You can also purhcase the DIGITAL VERSION HERE

EU visit confirms lack of Brexit progress
The arrival of the Commission President and chief negotator in Dublin this week confirms the grave state of Brexit negotiations

The European Commission brought its Brexit A team to Dublin this week to meet the Taoiseach and President Juncker addressed both houses of the Oireachtas. When a high-level visit like this takes place, it poses the question of why it is necessary a week ahead of the Council of Ministers.

The answer, bluntly, is because the target of sorting out the Irish border in the Brexit negotiations by this Council is not going to be achieved. It now gets pushed back until October and beyond that there really is no road left to kick the can down!

Stalemate

The rhetoric on Brexit is also growing louder in both Brussels and London. During a visit to Brussels last week, discussions with Brussels officials revealed an attitude of disbelief towards the UK.

Meanwhile, in London, the debate goes on between the Brexit and pro-EU wings of the Conservative party about what they might suggest to Brussels as a compromise on the big issue of the Irish border, even though ideas floated so far have been dismissed by Brussels.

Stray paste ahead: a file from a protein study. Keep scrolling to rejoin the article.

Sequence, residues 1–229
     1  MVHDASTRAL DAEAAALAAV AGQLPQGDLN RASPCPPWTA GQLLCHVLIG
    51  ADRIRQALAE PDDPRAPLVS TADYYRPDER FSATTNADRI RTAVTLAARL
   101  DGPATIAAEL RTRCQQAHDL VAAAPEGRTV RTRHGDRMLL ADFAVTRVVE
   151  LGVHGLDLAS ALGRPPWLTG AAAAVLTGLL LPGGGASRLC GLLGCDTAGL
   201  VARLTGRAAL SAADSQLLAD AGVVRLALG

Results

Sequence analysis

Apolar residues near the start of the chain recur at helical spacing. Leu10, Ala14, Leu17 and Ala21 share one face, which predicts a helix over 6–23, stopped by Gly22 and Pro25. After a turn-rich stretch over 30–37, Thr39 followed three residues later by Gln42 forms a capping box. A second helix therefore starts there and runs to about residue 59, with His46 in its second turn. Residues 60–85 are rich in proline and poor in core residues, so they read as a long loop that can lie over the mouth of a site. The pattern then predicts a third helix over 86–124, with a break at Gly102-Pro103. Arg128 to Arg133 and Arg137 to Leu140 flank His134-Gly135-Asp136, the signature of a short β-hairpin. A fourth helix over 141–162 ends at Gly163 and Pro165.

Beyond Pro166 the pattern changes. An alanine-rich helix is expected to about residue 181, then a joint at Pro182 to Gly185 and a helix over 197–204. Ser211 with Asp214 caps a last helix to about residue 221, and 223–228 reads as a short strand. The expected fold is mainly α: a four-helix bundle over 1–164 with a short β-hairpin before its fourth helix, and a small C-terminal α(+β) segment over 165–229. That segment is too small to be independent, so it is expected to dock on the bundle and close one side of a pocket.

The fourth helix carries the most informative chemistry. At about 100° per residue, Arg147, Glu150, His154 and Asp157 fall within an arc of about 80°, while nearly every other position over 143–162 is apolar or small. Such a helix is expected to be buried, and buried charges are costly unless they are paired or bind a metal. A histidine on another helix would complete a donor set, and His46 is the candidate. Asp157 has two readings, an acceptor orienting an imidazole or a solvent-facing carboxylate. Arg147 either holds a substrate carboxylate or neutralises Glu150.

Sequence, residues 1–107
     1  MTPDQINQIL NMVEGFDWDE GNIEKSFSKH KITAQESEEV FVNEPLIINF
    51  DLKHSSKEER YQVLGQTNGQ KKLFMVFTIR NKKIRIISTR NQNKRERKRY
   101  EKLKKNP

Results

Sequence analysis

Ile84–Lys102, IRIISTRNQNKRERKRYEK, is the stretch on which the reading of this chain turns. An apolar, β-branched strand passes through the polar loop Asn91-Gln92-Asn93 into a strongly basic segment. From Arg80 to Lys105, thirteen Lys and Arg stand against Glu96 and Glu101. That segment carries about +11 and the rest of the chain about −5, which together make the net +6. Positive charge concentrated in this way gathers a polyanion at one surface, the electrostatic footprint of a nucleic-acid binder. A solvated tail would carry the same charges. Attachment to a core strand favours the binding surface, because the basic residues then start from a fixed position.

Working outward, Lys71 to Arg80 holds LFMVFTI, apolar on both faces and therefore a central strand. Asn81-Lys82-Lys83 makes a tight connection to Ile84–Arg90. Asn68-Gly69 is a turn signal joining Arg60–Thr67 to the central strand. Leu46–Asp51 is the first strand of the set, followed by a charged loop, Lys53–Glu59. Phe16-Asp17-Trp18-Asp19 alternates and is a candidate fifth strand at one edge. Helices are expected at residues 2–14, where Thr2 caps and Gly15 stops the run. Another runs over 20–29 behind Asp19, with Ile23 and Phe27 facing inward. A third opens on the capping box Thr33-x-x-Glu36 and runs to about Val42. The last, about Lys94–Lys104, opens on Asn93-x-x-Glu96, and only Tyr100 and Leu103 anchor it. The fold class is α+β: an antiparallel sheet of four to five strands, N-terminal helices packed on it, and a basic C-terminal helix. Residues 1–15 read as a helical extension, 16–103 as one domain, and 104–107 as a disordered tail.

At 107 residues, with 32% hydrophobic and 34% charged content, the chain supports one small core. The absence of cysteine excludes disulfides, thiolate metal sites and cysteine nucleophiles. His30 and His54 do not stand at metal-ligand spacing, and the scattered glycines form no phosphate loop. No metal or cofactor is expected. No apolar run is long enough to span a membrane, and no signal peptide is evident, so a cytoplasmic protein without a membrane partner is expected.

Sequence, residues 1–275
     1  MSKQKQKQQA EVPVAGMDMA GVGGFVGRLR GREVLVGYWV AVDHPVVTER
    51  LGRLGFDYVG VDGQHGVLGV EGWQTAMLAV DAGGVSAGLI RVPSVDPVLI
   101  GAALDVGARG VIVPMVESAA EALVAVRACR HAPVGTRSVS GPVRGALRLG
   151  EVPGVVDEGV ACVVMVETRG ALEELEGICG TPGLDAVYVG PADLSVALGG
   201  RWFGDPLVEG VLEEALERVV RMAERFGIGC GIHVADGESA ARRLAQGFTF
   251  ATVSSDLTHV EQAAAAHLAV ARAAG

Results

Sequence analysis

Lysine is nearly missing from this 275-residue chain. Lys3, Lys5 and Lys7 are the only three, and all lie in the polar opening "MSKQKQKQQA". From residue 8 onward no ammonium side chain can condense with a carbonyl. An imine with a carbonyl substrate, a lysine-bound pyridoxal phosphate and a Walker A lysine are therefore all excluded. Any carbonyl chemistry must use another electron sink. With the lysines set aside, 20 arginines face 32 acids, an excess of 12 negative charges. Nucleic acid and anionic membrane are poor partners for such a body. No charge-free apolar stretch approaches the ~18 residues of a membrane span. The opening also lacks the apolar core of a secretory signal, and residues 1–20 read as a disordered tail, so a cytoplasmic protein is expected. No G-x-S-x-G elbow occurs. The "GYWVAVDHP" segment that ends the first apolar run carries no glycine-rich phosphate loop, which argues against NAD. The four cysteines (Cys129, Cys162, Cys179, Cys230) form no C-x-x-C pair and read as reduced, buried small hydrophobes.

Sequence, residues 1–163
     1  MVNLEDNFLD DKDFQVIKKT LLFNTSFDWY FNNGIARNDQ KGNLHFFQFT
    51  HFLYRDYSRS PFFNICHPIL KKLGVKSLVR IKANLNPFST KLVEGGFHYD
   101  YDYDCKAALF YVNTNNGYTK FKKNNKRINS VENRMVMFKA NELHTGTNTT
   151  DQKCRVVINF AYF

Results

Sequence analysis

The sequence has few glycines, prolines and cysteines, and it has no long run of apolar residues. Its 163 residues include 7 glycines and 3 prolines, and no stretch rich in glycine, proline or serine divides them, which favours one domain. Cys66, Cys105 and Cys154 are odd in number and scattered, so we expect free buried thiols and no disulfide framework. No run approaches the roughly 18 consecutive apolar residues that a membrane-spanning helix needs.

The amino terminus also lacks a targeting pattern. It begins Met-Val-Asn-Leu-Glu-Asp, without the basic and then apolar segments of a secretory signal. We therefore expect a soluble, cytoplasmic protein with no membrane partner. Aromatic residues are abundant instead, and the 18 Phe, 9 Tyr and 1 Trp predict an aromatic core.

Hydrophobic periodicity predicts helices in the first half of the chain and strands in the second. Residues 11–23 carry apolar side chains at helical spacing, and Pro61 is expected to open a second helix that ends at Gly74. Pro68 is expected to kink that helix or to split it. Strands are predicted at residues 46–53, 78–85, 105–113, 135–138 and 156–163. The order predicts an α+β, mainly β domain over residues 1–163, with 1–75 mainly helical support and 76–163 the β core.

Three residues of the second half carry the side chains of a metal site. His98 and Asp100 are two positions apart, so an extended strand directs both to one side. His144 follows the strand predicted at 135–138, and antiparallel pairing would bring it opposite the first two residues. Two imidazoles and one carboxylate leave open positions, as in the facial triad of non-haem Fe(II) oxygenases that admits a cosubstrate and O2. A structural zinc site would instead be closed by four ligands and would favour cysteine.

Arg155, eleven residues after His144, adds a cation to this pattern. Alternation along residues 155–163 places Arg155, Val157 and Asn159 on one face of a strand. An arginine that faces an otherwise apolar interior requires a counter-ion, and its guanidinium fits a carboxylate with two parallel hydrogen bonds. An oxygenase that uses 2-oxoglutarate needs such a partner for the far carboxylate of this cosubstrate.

If the worst happens for Irish agriculture, the contagion will spread to mainland Europe

With stalemate developing, talk of a no-deal Brexit is growing on both sides of the English Channel. To date, the view is that this situation would be so mutually destructive that a deal would be found. It is still possible that that will be the case late in the day and where this would leave the Irish position is a major concern if a hothouse negotiation was taking place in October.

Major companies like Airbus and BMW have put down a marker that they are running out of patience and President Juncker was quite open in saying that the EU must prepare for the worst.

Contagion

In a no-deal Brexit, the biggest hit will be carried by Irish farmers. Industry will get hurt with tariffs but agriculture with tariffs of up to 100% on beef and 80% on cheese will simply be wiped out. Whenever the crisis arose in banking a decade ago, the buzz word of the time was contagion – the knock-on effect of one bank failing having on other banks.

If the worst happens for Irish agriculture, the contagion will spread to mainland Europe as it is where Irish produce will finish up if the UK market is closed. Therefore a crisis in Irish agriculture in the event of a no-deal Brexit will almost immediately be a crisis in EU agriculture, particularly in the countries that Ireland currently does substantial business with.